Singapore

PM Lee: Strong team needed to face huge challenges ahead

This article is more than 12 months old

He urges Singaporeans to do the 'sensible' thing and give PAP the mandate to steer country out of crisis

Singapore will face a very difficult next few years dealing with the Covid-19 pandemic and creating jobs. This is why the election is being called now, so the strongest team will have the mandate to see the country through this crisis, said Prime Minister Lee Hsien Loong.

In an online rally rounding out the People's Action Party's election campaign last night, he said jobs are on top of everyone's minds, with many having lost theirs or earning significantly less.

"You can tell they are very concerned. And (those in their 50s) are the group which we have focused on because we know they have the most difficulties - they've got kids they are still looking after, they've got old folks at home who need medical care," PM Lee added.

He said these are practical issues that weigh on people's minds, and which any leader and government of Singapore must focus on once the General Election is over.

This was why he called the election now, "so that we can clear our minds and focus on these big things which everybody considers important, and which are in fact the key issues in front of Singapore".

He said he was satisfied looking at the trends after the circuit breaker that the Covid-19 situation was stable enough for the election to be conducted safely.

PM Lee wanted to "get this out of the way quickly" because of the uncertainties looming in the next 12 to 18 months.

"There are many uncertainties and very likely many difficult spots to come, and therefore decisions which have to be taken and actions which have to be dealt with very rapidly.

"And it's best that we've got a team in place which is going to be able to deal with that with the full support of the population who elected you, knowing that you are going into a very tough spot," he said.

While young Singaporeans entering the workforce face challenges, there are schemes such as the SGUnited Traineeships Programme.

Addressing concerns that the jobs available are concentrated in the technology and IT sectors, PM Lee said many services jobs are needed for the "massive operation" of managing Covid-19 - from testing and tracing, to ensuring safe distancing and taking care of the sick.

He gave the assurance that investors continue to take an interest in Singapore because they have faith in how the country is run, and this is how thousands of new and good jobs will be created for Singaporeans.

"We want to keep that reputation, that standing, that credibility - that sense that this is a special place."

He urged Singaporeans to "do the most rational, sensible thing to get through this", and give a strong mandate to a team able to steer the country out of the crisis.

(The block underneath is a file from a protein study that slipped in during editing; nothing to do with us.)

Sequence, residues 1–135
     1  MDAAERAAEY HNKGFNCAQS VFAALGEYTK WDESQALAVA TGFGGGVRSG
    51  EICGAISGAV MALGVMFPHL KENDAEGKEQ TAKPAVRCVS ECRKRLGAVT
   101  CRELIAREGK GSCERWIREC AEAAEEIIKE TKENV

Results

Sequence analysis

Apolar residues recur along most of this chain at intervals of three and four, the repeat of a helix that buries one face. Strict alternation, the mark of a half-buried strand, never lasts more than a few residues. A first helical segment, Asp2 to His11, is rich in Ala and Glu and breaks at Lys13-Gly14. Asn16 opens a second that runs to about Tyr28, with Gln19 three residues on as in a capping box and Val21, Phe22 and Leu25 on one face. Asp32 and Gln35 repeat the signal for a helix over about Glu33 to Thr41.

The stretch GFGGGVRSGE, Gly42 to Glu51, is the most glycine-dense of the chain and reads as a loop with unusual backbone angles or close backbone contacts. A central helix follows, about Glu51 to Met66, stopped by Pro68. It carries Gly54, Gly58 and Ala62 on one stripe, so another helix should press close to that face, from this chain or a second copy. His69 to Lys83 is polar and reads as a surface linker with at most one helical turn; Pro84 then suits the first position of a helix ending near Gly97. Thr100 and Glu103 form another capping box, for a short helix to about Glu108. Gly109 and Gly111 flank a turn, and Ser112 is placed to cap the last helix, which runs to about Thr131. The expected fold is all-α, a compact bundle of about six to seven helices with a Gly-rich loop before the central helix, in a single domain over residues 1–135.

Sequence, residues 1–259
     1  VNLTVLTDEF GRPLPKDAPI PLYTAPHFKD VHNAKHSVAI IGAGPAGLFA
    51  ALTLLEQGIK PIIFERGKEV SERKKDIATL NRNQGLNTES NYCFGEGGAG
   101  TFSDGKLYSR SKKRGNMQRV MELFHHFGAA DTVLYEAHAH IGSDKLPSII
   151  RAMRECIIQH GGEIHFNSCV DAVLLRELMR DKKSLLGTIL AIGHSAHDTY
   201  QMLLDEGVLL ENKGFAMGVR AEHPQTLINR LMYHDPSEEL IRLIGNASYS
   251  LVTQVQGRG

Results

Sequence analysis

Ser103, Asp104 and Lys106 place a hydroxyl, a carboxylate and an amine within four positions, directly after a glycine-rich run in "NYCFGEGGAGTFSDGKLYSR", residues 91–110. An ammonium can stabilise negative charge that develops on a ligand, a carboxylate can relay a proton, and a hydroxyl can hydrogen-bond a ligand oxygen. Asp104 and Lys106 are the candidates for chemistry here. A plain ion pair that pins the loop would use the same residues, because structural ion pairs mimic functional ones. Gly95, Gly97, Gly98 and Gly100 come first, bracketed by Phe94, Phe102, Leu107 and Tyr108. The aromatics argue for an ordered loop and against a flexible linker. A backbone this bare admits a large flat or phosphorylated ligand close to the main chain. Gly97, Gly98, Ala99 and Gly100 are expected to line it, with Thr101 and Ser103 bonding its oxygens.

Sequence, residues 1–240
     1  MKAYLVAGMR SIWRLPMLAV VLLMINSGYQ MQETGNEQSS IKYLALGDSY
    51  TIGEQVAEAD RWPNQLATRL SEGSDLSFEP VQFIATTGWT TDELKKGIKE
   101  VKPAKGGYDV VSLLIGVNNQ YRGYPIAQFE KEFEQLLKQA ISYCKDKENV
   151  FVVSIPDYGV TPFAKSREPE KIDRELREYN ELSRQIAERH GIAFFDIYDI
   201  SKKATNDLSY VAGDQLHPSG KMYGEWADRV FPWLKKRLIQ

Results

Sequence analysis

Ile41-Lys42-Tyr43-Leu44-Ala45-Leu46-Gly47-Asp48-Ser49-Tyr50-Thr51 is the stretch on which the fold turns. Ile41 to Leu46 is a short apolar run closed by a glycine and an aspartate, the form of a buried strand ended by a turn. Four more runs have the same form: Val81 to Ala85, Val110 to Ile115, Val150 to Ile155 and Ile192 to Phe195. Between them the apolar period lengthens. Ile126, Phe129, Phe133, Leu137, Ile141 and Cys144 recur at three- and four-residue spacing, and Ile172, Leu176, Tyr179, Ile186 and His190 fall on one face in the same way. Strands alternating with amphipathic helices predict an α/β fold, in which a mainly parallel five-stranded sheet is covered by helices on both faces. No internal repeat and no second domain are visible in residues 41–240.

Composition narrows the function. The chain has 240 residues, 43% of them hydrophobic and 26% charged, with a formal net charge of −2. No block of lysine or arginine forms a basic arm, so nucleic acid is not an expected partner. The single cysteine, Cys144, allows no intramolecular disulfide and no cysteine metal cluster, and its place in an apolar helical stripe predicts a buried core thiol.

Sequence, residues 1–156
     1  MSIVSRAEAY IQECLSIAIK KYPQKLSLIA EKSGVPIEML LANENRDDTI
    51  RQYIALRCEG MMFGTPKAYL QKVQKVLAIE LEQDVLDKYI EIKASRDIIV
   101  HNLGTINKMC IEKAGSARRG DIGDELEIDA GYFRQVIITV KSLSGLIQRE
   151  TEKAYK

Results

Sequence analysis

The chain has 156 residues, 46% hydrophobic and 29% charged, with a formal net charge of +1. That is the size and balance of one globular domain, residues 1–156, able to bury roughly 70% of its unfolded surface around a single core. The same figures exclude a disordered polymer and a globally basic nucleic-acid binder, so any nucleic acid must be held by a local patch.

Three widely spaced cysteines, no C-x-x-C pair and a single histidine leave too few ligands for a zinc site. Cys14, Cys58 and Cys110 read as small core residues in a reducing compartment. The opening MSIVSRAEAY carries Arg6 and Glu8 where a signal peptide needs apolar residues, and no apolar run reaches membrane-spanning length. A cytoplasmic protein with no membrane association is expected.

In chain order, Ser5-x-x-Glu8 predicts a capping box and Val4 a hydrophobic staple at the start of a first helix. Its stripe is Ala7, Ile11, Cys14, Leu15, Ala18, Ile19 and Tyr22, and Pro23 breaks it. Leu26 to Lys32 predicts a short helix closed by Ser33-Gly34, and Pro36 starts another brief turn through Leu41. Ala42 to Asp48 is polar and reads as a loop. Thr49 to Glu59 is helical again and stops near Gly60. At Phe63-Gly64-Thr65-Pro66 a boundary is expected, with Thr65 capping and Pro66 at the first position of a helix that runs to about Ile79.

During the e-rally, PM Lee also called for caution when discussing the "sensitive" issue of race and religion.

Younger people, he noted, have different perspectives on the issue, and these are valid and need to be taken into account as they will one day inherit Singapore.

But at the same time, such sensitive matters can cause "great umbrage" and so must be handled delicately.

"In fact, now we discuss things about race and religion, (such as) whether there is a trade-off between one's racial or religious identity with a national one - things which 20 years ago would have been very uncomfortable to talk about. As we go forward, more of these conversations can be held."

PM Lee was responding to a question on Workers' Party Sengkang GRC candidate Raeesah Khan, 26. Two reports were made against her, the police said on Sunday. They were in relation to comments she had made on social media, which allegedly promoted "enmity between different groups on grounds of religion or race".

Investigations are ongoing.

Ms Khan later said she regretted making "insensitive" remarks and apologised to those who may have been hurt.

PM Lee said that because of the Internet age, some things that were never sensitive in Singapore have become so because they are now sensitive in other countries.

Noting it would not be realistic to treat one another in a completely colour blind way, PM Lee said: "So that's a view which we have proceeded on - tolerance and harmony. Not quite everything which young people aspire to, but a considerable achievement. And if we want to go beyond that and do better, I think we should.

"But we should do it carefully, and we should discuss between the young ones and the older ones so that we gradually get a meeting of minds... and go forward together." - THE STRAITS TIMES

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GENERAL ELECTION 2020